A sleepy country parish,
a half ruined church.
We waited an hour
in sleepiness and sunshine
till the caretaker showed up on his bicycle,
a pleasant faced, grey haired man.

The first room we saw
was standard by now:
a shelf of skulls,
a shelf of bones and clothes,
bouquets of flowers long dead,
a plastic Christ propped up between two skulls.

We were veterans of Rwanda’s memorials,
well used to all that by now.
But the church…
In the church they lay where they fell…

A baby blue baby’s sandal
still cradling your baby bones.
I gasp
and the smell of terror enters my bones.

All around lie skeletons, hair still clinging,
black and brittle,
to dismembered skulls.
No flesh, no warm brown skin.
The skulls of babies disintegrate first,
delicate even in death.
The bones of adults last longer,
and the stench of the dead lasts years.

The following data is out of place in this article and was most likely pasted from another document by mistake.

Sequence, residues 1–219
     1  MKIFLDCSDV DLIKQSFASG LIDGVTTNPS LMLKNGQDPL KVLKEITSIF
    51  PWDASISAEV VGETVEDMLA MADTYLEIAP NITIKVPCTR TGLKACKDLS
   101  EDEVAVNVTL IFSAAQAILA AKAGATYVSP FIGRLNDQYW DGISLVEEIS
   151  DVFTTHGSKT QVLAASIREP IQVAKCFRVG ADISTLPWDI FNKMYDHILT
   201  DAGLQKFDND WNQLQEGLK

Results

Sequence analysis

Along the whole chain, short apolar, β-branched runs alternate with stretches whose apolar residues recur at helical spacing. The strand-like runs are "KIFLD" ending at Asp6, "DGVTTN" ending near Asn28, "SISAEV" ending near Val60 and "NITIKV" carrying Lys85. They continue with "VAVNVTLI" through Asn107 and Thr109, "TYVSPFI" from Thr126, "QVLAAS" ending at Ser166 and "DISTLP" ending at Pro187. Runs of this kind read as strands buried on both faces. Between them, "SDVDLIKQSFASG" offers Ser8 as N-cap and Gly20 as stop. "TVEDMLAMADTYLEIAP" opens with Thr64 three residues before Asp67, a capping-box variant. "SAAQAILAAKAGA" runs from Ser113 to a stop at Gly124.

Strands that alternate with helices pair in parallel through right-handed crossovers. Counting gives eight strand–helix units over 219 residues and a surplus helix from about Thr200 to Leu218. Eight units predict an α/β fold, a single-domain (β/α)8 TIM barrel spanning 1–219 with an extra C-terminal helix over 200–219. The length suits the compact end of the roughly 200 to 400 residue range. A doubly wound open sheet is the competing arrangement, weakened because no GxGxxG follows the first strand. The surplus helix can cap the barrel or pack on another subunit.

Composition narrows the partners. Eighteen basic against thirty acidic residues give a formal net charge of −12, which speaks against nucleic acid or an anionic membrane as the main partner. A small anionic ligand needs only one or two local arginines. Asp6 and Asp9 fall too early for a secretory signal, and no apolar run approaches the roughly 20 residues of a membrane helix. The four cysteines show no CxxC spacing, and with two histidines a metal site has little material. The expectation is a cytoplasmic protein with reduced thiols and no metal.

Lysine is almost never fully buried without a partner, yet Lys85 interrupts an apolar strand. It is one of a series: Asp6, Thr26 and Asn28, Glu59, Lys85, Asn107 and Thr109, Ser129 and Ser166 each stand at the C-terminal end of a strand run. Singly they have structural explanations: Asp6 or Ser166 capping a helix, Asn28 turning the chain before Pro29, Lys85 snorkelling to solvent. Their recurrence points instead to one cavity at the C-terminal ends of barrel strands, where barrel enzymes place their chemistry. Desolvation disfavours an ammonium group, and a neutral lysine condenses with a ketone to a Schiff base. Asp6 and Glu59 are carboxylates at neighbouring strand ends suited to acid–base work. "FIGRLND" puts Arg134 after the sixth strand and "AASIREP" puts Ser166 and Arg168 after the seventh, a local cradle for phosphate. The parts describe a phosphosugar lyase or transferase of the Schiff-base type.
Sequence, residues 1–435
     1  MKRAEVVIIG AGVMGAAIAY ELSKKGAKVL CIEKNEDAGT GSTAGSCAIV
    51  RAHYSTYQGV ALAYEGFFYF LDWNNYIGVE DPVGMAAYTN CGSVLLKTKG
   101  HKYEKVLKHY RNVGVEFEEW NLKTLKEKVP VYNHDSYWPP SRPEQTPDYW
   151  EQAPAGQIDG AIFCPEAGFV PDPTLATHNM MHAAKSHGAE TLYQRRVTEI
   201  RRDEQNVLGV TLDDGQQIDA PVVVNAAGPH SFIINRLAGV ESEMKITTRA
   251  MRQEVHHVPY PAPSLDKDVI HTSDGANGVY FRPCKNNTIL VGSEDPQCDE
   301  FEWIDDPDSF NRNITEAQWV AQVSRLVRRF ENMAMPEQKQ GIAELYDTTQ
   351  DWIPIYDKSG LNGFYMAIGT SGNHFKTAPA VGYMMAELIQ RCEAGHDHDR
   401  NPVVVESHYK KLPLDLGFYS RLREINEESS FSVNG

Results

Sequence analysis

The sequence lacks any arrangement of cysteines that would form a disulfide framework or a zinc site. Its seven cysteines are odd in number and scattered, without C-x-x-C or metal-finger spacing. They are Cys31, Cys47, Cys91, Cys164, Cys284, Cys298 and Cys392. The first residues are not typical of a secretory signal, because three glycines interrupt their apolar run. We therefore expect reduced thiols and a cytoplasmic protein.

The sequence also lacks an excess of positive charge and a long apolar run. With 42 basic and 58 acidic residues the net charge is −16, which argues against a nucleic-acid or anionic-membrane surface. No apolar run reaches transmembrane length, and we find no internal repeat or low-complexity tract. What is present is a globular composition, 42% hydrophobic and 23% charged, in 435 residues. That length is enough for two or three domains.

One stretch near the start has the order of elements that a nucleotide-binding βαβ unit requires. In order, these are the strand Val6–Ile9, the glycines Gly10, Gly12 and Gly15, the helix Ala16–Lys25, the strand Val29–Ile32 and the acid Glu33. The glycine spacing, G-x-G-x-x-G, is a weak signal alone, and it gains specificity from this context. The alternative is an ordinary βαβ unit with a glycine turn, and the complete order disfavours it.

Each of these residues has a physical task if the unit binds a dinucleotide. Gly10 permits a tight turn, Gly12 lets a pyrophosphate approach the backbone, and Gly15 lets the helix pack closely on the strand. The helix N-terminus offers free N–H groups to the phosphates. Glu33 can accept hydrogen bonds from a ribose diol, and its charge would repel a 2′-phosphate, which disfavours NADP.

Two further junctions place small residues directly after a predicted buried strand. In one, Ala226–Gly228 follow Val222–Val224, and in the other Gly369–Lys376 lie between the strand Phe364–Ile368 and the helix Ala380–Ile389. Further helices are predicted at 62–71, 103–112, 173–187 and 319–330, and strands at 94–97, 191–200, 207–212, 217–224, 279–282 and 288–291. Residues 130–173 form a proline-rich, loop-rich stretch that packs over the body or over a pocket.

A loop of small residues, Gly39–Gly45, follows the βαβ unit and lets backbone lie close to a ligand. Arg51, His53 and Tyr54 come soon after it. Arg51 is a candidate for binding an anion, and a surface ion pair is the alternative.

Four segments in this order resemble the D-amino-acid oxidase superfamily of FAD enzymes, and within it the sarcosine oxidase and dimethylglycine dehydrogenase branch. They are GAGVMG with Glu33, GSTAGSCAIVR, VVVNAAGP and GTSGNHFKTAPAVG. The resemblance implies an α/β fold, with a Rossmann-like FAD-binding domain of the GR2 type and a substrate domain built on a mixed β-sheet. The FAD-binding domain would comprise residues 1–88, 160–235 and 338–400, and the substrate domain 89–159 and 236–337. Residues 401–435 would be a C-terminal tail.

The stench of the rage of the living
(the pleasant faced, grey haired man)
who insisted so angrily to us
(we who were there to remember)
that this time his people would not be forgotten,
would not be buried in earth.

I dreamt that I buried you,
that I made you a shrine with candles and flowers,
not only his fierce broken anger,
but also a lullaby, roses whisper good night,
to ease your terror and mine.

There were people in Rwanda
who were not afraid: Gourevitch
tells of a man
who met the Interahamwe
three times
and who walked away unharmed
three times
because he was not afraid.

And who were they,
the Interahamwe?
My brothers, my sisters, my self.
Any one of us
who has ever chosen
the pain of another over our own pain.
Any one of us
who has ever chosen
to silence, belittle, destroy
the tribe, the country, the delicate child,
whatever reminds us
(who knows how)
of what we cannot bear to touch:
our own unbearable grief
for the loss of unbearable joy.